Let the games commence! France, hosts of the forthcoming Rugby World Cup, laid down an outsized marker in the shape of a well-executed 22-9 victory over England at Stade Velodrome in Marseille on Saturday.
England ventured to Marseille with the objective of boosting their fragile confidence. They will leave battered, bruised and no better off in terms of self-belief, for while their defence was stout and manful, their attack was bordering on non-existent.
In a game full of passion it was little surprise to see emotions simmering and then boiling over with a regularity that demonstrated the importance of this game to both sides.
England, however, would have been better advised to channel their energy into conjuring a cutting edge in their back line play.
The lack of tries, and for that matter the lack of try-scoring opportunities, will be a major concern for Brian Ashton, especially given that their next game is indeed the first of their title defence. While Andy Farrell was a rock in defence you sense that he is not the answer at inside centre on attack.
The French pack took to the field with last week's harsh criticisms ringing in their ears, and it was evident in the manner with which the tore into England from the off.
England's hideous red shirts may have been the rag to the bull that tipped the French into such a frenzied state.
Credit to England, then, for standing toe-to-toe with their counterparts, but ultimately they could not match them for the duration.
It was the first-half battering that allowed the space to open up after the break. That France failed to win by a more substantial margin is a result of their own mistakes, the most glaring of these from ImaÃ±ol Harinordoquy which cost his side a clear seven points.
Simon Shaw was a beacon in the England pack, leading the rebuke time and again. But a yellow card for a dangerous tackle on Damien Traille on the stoke of half-time seemed to take the sting out of his game - it was during that period where France effectively killed the game off, but it was the foundations laid in the opening stanza that paved the way.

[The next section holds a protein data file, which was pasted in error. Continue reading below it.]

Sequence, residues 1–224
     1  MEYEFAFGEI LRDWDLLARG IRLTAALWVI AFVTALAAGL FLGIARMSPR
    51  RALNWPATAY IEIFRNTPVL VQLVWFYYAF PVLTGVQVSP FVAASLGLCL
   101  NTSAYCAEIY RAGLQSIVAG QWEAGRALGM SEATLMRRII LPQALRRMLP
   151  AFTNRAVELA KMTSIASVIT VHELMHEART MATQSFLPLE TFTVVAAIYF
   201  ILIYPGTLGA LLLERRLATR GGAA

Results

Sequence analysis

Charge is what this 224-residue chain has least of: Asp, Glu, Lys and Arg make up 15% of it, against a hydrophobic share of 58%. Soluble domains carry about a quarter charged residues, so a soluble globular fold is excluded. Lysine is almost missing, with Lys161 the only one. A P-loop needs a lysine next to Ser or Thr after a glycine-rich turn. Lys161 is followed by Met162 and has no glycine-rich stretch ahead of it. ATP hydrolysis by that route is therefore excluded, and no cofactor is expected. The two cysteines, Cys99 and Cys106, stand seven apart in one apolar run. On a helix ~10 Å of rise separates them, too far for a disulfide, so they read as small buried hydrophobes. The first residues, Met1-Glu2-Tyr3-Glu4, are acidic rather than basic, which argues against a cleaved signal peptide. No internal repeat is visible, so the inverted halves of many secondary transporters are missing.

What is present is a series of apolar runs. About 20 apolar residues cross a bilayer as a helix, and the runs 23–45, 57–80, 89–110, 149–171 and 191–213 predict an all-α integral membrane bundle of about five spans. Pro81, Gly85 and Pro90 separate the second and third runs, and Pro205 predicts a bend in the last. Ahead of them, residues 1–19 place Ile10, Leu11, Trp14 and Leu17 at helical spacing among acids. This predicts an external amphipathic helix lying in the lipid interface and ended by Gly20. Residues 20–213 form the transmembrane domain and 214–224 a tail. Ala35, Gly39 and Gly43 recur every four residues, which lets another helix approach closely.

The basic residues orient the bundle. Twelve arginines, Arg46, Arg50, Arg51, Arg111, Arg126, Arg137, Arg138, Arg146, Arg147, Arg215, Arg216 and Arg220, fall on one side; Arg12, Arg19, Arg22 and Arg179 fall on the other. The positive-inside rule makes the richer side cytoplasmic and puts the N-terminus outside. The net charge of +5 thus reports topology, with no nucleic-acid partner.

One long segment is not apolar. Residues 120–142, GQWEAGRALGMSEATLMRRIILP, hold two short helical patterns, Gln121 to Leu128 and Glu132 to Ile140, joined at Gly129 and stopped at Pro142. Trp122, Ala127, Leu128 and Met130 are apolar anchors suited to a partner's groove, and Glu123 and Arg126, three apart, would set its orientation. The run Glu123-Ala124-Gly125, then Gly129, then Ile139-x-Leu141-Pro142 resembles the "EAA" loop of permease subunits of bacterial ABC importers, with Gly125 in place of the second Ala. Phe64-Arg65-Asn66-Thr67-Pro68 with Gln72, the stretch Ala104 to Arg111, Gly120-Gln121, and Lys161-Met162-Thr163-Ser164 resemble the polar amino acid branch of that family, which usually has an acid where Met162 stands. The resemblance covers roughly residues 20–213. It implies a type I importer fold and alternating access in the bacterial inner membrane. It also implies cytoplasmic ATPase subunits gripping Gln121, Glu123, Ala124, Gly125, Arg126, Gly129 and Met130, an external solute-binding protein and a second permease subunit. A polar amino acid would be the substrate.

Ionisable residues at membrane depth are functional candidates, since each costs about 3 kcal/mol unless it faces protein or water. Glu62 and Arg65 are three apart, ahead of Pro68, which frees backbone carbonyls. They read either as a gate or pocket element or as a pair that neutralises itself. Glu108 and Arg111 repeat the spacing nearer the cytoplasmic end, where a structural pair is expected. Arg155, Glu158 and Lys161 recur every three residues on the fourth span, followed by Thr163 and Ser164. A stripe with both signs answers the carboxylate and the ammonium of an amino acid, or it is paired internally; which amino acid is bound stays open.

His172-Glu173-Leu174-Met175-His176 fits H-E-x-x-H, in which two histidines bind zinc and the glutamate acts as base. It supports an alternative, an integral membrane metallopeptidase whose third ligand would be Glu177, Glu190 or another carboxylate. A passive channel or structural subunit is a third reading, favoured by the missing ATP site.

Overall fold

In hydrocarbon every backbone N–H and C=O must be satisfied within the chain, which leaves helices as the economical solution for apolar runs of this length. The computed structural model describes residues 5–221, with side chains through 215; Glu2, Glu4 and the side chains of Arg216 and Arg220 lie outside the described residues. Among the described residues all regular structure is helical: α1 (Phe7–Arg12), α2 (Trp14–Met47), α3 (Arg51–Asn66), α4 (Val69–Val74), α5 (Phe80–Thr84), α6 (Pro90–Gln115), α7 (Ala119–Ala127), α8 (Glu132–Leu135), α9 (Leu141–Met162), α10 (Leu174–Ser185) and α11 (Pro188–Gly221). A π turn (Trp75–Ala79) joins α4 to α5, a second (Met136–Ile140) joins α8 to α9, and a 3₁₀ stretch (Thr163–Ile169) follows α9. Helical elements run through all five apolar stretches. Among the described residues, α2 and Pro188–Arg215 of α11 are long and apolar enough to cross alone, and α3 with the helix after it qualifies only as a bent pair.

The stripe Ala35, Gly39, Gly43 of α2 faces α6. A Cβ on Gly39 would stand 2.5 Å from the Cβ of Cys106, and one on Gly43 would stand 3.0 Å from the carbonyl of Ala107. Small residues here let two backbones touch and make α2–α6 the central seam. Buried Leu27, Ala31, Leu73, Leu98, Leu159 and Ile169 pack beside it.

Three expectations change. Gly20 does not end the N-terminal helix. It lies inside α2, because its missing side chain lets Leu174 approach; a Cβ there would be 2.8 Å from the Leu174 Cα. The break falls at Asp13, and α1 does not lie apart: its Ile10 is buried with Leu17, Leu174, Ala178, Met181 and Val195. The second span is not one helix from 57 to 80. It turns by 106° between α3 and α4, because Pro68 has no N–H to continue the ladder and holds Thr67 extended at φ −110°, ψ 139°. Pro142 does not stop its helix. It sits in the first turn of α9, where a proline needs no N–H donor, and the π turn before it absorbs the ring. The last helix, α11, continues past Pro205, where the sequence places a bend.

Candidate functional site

After a ferocious opening fifteen minutes Jonny Wilkinson nudged England into a three-point lead with a straight forward penalty, only to see his effort cancelled out two minutes later by a Jean-Baptiste Elissalde effort.
As was often the case, it was England's lack of discipline at critical moments that cost them so dear. Shaun Perry's pointless tackle on Harinordoquy when the ball was clearly still in the scrum was the first of these frustrating moments of madness. Yet another worry for Ashton who was looking for a more mature display from his charges.
There was simply no controlling the macho battle at times, with Martin Corry and Fabien Pelous coming to blows on more than one occasion.
One got the impression that the respective forward packs were intent on seeing who could flex their muscle the most. That these showdowns often descended into heated discussions added to the already intense atmosphere at Stade Velodrome.
With the scores tied at a measly three apiece, the remainder of the first half was dominated by the boot of Elissalde who added three more penalties before the break. The last a result of Shaw's careless swinging arm in a tackle. It was this same incident that led to England skipper Phil Vickery being stretchered from the field.